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With tuitions rising, community colleges have never looked better

JAMES PIERESON and Naomi Schaefer Riley’s complaint about the rising cost of college (“Popping the higher education bubble,” Op-ed, Feb. 25) makes a large and all-too-common mistake: It assumes that all of “higher education” is the same.

In fact, the ballooning cost of college at some selective private institutions, as the authors point out, may indeed be the result of luxury spending and a reliance on the stock market to return sizable profits on astonishingly large endowments.

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In the public sector, however, rising tuitions have largely been driven by a steep decline in public support, accompanied by rising costs and rapidly growing enrollments. Most public colleges and universities, in Massachusetts and elsewhere, are serving more students with fewer inflation-adjusted dollars per student than 10 years ago.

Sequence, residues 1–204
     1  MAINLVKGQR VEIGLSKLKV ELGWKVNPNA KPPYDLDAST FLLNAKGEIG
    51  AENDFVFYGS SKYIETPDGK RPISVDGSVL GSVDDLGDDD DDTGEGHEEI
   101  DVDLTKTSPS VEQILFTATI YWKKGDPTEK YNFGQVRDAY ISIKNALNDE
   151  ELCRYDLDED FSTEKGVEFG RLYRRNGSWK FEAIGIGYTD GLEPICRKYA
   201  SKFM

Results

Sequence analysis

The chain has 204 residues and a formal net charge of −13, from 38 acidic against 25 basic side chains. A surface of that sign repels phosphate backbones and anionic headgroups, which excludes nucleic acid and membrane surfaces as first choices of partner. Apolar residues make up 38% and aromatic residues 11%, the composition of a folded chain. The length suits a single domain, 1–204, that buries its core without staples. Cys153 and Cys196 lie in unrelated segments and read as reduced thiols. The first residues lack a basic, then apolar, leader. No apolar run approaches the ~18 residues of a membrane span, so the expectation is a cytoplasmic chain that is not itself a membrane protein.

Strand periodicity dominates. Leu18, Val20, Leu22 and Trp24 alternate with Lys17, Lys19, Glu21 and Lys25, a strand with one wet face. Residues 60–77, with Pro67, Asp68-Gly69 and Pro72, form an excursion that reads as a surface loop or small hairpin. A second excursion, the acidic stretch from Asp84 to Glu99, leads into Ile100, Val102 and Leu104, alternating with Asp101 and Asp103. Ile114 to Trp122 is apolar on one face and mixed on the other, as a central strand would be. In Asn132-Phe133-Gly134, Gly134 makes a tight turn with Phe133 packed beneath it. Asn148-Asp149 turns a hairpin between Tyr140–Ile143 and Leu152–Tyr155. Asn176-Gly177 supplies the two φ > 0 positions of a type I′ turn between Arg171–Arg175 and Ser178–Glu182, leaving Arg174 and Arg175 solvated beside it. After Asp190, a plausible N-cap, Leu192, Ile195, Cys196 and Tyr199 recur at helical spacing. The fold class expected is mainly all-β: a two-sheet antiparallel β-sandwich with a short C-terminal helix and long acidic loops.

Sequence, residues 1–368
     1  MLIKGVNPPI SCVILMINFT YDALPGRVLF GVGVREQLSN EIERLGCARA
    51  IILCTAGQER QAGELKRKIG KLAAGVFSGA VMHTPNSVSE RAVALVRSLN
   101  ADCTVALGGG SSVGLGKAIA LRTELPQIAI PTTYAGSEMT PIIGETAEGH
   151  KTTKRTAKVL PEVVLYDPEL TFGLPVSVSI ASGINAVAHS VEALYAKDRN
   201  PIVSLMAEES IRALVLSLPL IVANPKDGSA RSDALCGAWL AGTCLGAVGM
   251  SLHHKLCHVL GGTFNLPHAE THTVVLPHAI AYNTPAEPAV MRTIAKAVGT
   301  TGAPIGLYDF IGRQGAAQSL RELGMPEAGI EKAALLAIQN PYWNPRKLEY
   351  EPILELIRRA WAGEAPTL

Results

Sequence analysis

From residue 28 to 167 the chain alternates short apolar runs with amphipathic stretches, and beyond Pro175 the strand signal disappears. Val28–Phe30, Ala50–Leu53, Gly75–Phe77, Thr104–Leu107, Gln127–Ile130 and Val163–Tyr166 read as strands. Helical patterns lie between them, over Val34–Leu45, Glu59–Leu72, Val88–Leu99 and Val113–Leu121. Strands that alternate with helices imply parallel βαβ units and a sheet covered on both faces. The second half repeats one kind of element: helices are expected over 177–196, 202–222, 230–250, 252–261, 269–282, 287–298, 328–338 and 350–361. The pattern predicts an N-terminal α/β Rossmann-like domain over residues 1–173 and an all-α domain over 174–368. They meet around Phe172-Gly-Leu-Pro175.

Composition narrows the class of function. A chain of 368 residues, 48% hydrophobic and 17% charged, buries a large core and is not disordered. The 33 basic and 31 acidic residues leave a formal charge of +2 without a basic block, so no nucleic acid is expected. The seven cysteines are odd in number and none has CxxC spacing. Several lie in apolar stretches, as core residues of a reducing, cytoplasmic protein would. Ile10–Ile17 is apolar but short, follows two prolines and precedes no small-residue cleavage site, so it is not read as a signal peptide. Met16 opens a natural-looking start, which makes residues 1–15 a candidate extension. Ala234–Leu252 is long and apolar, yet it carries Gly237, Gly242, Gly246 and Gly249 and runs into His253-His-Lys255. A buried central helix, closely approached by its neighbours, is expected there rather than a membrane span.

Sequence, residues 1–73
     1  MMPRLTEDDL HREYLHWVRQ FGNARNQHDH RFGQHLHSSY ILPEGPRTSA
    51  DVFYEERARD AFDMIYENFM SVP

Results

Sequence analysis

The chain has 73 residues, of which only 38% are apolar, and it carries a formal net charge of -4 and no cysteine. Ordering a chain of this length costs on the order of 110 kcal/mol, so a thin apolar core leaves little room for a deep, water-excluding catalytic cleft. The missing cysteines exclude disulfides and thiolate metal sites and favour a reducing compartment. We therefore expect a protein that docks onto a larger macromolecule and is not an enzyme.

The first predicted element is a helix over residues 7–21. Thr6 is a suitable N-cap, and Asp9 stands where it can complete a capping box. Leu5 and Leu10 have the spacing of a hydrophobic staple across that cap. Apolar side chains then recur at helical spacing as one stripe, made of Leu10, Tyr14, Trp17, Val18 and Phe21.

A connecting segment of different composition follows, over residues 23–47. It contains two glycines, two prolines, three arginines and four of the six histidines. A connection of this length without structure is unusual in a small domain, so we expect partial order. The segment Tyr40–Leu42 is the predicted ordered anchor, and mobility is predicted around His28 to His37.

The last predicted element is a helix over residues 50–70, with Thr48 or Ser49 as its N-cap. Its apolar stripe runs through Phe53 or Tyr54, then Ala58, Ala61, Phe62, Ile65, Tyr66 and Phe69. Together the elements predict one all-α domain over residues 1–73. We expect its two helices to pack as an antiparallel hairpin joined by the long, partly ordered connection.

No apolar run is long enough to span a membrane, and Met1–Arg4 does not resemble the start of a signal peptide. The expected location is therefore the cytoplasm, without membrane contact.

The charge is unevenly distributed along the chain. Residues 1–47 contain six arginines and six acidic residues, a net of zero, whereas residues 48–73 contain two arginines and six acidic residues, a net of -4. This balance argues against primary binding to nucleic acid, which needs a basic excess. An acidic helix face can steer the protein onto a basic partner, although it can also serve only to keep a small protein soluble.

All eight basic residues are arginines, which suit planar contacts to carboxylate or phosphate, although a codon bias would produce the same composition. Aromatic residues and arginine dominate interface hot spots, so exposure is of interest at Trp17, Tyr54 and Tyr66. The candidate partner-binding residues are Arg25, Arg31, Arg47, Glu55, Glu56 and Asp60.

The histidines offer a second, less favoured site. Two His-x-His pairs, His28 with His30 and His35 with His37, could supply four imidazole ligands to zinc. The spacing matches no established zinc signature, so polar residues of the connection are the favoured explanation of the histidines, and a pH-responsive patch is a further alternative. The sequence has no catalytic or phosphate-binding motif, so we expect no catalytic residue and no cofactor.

Given these circumstances, Piereson, Riley, and others should be singling out public community colleges and hailing us as heroes of higher education.

For the most part, community colleges serve larger numbers of at-risk students, including minorities, those with low income, students with learning disabilities, part-time students raising families, and first-generation college students. We do this with a fraction of the public support offered to four-year colleges and universities, and for a fraction of the cost.

And, as a report issued by the American Association of Community Colleges demonstrates, community college graduates receive nearly $5 in benefits for every dollar they spend on their education, while the return to taxpayers is almost 6 to 1.

Want to pop the higher education bubble? Support your local community college.

Lane A. Glenn

President

Northern Essex
Community College

Haverhill

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